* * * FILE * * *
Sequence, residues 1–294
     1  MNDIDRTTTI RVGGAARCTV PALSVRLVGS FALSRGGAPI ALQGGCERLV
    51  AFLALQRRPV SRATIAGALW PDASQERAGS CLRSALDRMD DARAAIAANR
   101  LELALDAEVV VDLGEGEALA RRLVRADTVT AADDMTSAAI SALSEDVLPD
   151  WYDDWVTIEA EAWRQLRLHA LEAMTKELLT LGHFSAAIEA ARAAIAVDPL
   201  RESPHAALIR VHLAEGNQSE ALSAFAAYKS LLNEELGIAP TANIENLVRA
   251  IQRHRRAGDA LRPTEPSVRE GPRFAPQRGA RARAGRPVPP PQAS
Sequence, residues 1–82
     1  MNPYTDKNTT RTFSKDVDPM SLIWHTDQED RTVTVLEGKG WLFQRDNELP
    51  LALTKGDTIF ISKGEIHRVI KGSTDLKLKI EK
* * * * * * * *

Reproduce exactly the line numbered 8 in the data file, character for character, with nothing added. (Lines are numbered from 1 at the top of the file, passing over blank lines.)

Sequence, residues 1–82